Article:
Benjamin Franklin Papers

To Benjamin Franklin from James Parker, 17 February 1769

From James Parker

ALS: American Philosophical Society

New York, Feb 17. 1769

Honoured Sir

This covers one of a Set of Bills of Exchange, which I just received from Mr. Hubbart of Boston, for £60 13s. 9d. Sterling on John Blackburn, Esq. London:9 The first of this Set I sent down to Mr. Foxcroft, who is gone to Virginia,1 and I apprehend he will send it to you, but very probably this will come to your Hand first, and of this I have advised him, by Letter therewith.

Tho’ in general we had a mild Winter here, yet for a few Weeks past, and at present, we have what may be called Severe Weather. For a Year or two past, we have endeavoured to make every Rider keep and sound Horns on their Way; in which Exercise for want of Skill or Care, many have lost their Horns, or got them broke, so that we are in Want of some, and if it be consistent with the Service, I wish you would send me some; and tho’ we hath hitherto found the Horns, yet if they wantonly destroy them, we must oblige them to pay for them, so that if you please to let me know the Price also when you send them.

I suppose Mr. Foxcroft wrote you per last Packet of his going to Virginia, he tells me, he purposes to be back the latter End of March: This Opportunity happens by a Merchantman, that I just now heard of.

I have not had the Pleasure of one Line from you this great While: I have now the worst Fit of the Gout, that I have had these three Years, when I was at Burlington.2 Now 6 Weeks, but I flatter myself I am getting better. The last News I had from Philadelphia and Burlington, they were all well. We momentarily expect the December Packet, and a Report prevails that she is at the Hook; she must have had a hard Spell on the Coast, if it be her. With Respect to Business it is much as it used to be. We have a dear Place to live in, and not much Work; tho’ I have such a Number of Customers, as would have well supported me 15 Years ago, yet every Thing here being so much raised, whilst our Work is the same, that it will be hard Work to make both Ends meet. Weyman you know is dead: but a young Scotch man has got his Tools and set up here, and tis said, in the Spring will publish a News-paper, I don’t know his Capacity, but we shall soon see what it is.3 Holt yet continues without any Settlement, but I purpose soon to offer him all the Advantages I can, to get him to it, that I may at last settle with Hamilton and Balfour of Edinburgh:4 I have a hard Trial, but I will Strive to Struggle thro’. Mean while, with all our Respects I am Your most obliged Servant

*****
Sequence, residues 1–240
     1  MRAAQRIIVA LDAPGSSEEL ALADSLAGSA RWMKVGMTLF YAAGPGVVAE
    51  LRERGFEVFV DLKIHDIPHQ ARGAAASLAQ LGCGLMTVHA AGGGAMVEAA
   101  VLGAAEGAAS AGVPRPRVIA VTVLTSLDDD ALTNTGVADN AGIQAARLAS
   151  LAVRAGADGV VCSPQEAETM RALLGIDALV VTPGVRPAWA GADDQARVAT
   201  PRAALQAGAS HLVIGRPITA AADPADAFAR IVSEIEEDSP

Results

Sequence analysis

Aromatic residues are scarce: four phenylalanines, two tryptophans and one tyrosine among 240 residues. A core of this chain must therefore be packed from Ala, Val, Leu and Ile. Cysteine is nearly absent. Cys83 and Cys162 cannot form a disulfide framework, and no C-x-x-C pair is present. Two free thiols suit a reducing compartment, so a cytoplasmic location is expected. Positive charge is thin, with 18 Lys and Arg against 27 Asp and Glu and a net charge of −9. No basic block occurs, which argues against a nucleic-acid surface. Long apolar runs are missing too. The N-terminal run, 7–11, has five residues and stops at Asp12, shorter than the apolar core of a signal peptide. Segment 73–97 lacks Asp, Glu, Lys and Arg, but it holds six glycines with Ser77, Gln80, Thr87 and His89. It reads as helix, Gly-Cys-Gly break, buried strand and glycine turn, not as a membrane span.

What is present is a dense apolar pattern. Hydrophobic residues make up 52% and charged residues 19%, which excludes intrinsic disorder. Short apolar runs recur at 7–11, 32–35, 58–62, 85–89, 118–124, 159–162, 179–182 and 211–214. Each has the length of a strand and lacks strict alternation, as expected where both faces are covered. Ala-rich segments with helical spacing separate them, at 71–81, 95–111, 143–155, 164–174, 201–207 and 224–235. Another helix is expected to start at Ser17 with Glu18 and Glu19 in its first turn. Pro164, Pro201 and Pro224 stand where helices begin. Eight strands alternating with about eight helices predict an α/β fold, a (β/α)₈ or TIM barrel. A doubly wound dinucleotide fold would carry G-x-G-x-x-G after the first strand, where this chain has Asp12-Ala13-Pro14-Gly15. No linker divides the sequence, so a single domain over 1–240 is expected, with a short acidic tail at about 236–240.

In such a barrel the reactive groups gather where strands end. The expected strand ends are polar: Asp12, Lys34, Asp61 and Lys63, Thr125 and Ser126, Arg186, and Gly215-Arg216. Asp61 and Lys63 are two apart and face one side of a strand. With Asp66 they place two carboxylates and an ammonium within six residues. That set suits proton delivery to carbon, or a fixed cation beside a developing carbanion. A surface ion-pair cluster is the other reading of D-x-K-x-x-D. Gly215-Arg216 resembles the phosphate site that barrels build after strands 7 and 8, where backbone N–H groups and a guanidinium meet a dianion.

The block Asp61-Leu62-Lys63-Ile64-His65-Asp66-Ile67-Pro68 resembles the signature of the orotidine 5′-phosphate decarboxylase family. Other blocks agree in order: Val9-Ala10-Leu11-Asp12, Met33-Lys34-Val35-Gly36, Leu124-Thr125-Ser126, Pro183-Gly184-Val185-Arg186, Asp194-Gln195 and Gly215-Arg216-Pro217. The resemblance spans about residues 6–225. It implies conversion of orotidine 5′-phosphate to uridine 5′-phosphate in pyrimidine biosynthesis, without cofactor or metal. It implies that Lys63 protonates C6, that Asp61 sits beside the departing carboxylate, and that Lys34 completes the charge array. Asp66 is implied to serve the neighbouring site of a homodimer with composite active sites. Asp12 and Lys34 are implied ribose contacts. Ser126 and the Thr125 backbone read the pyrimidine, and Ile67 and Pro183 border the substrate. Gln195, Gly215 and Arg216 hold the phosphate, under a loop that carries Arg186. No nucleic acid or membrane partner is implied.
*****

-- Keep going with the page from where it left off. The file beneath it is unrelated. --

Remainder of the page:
James Parker.

To Dr. Franklin

Addressed: For / Dr Benjamin Franklin / Craven-Street / London

[Note numbering follows the Franklin Papers source.]

9Tuthill Hubbart, the stepson of BF’s brother John, had been postmaster of Boston since 1756; above, V, 118 n. John Blackburn was a London merchant with offices near the corner of Bush Lane and Cannon Street.

1For John Foxcroft’s visit to Virginia, to settle Post Office business before returning to England on leave, see his letter to BF below, Feb. 21.

2He means since his attack at Burlington three years before, for which see above, XII, 407–9. His current attack was so severe, according to him, that it incapacitated him for two months and often made him “doubtful of any recovery.” Parker to James Balfour, March 4, 1769, APS.

3William Weyman, Parker’s former partner, died on July 25, 1768: above, XIV, 322 n; Pa. Chron., July 25–Aug. 1, 1768. For his successors, James and Alexander Robertson, see above, XV, 270.

4Parker’s earlier letters have been full of his troubles with John Holt and his disputed debt to Hamilton and Balfour. In the letter to Balfour just cited (n. 2), he outlined the present situation: he had sold the remaining books at auction for a little more than £40, or about £30 sterling (which he subsequently amended to £25); those he had previously disposed of had brought in £12 to £14; the remainder were Holt’s responsibility. Parker had had writs out for him for two years, he told Balfour, and feared Holt would go bankrupt “not only with your Effects but twice as much or more of mine.” See also Parker’s letters to BF below, March 20, 29.

Index Entries